Enterprise Performance Management (EPM)

EPM is a field of Business Performance Management (BPM) that considers the visibility of operations in a closed-loop model across all facets of the enterprise.

Several emerging areas in the EPM domain are driven by corporate or organisational initiatives, academic and technology research and commercial approaches such as EPM solution vendors (SAP BPC, Oracle Hyperion Essbase, IBM Cognos TM1, etc.).

Enterprise Performance Management (EPM) and strategic needs

Performance management is the steering and implementation of a strategy or business steering activity. It is the measurement of the degree of achievement of an objective, and is therefore part of the company’s short and medium-term vision and strategy. The subject of performance management in organisations has long been a source of applications and research.

Based on the mission and vision of the organisation, the different strategic needs can lead to the question of how the EPM areas are mainly exploited and promoted within an organisation. For example, a professional services firm based in France may become aware of the need to arrange supply chain operations efficiently and transparently in a very different way to a clothing manufacturer with operations around the world.

What remains common in the EPM approach is the closed loop model. This EPM process is advocated by Kaplan and Norton and their methods for managing and formulating business strategy.

The hierarchy of Enterprise Performance Management (EPM)

Four disciplines exist to define and cover the six stages of the closed loop model. The four disciplines are: strategy development, business planning and forecasting, financial management and supply chain efficiency.

The six stages of the closed loop model EPM process are:

  1. Strategy development
  2. Strategy translation
  3. Organisational alignment
  4. Operations planning
  5. Learning and monitoring
  6. and finally, Adaptation testing

EPM strategy formulation

Strategy formulation refers to the activities of an organisation that determine the direction of the agenda. This is usually built on the mission, vision, and strategic objectives of an organisation. Once the direction is established, an organisation monitors progress against its activities and takes corrective action to achieve a particular target.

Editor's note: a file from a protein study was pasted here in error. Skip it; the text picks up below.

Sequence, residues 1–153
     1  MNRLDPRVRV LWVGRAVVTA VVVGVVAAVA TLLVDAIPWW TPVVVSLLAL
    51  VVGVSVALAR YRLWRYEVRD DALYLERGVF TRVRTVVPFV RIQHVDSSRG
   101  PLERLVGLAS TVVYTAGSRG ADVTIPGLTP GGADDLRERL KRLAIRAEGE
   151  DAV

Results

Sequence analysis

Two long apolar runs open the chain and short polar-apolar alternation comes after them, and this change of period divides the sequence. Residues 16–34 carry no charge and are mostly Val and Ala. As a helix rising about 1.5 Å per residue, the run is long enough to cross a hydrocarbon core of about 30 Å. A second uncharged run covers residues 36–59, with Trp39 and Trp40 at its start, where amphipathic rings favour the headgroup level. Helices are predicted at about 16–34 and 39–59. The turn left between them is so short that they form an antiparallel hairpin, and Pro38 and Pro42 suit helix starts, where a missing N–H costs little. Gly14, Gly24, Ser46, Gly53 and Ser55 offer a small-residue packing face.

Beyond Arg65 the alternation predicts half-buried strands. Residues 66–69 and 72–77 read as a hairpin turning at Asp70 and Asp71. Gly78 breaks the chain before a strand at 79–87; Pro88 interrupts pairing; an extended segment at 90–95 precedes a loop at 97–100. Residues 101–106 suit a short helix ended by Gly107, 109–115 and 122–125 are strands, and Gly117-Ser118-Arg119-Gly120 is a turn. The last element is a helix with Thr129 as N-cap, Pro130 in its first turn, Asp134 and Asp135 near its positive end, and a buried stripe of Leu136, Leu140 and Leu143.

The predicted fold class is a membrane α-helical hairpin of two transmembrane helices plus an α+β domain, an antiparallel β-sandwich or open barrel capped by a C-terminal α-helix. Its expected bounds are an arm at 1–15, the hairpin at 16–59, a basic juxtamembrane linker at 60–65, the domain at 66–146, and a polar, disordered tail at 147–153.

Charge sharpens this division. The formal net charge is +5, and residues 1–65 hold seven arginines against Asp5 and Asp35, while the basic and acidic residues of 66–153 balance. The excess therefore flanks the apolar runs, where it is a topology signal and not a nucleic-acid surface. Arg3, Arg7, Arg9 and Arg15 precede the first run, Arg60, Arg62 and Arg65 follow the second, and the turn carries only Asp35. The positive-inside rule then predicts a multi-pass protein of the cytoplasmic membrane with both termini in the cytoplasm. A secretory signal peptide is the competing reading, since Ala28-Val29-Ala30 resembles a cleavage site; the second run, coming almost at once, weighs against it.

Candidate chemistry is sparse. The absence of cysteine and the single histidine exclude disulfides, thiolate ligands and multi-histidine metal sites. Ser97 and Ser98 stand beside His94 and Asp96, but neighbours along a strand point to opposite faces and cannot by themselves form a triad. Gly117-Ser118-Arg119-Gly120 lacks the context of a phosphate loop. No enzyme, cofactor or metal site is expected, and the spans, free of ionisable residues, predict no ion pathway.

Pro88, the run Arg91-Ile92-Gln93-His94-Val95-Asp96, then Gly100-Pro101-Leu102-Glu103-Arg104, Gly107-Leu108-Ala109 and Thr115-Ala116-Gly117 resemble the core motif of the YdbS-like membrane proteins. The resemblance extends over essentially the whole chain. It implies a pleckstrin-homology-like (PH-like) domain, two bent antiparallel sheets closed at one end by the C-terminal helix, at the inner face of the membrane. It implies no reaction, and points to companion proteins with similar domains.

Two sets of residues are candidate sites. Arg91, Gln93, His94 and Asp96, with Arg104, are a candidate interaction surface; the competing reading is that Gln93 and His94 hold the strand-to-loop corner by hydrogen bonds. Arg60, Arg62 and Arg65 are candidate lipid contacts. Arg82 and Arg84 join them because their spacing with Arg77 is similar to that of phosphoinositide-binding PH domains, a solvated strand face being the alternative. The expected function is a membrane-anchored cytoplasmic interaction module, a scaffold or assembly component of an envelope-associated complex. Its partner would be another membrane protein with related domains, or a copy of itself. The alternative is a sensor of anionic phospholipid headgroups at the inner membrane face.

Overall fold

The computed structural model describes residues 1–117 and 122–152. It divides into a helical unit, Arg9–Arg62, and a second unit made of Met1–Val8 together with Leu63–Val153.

While execution is key to any business objective, the formulation of the strategy surrounding execution must take place in the right context. In recent years, organisations have integrated formal risk management approaches to address the market opportunities that organisations pursue. In this way, strategy is aligned, performance is predictable, and executives can make better decisions.

Here is an article on the concepts of Big Data.

EPM and Management Control

Indeed, management control has undergone profound changes. Its new name reflects its new challenges, and professionals in the field now talk a lot about “performance measurement and management”. This change in name reflects profound changes. Indeed, the function and its integration into the management process play an increasingly strategic role.

Certain concepts now propose a thoughtful integration of methods and technologies oriented towards business processes and customers, within a perspective of continuous improvement, such as SOA, EAI, Strategic Information and Business Intelligence, Business Performance Management. Performance measurement is one of the most important points of the discipline (KPIs, BSC, Dashboards).

However, the issue would not be fully addressed if we did not look at the themes of sustainable development, governance, and technology management.

A modern vision of Business Performance Management

Lean management and the 6 sigma method also have a major role in performance management. However, not everything is transmitted via procedures, reports or lists. We are human and some information is best understood when theory is put into practice.

Moreover, we must stop thinking that a good manager is one who accumulates knowledge. The days when the manager ruled over his team because of his superiority in knowledge or because of an officially established authority are over. A good manager is someone who participates in bringing forward all the intelligence available in the company with a view to achieving the effectiveness of cumulative intelligence.

For an even more operational view, but closely linked to EPM, here is another definition, this time on the concept of Business Process Management: BPM.

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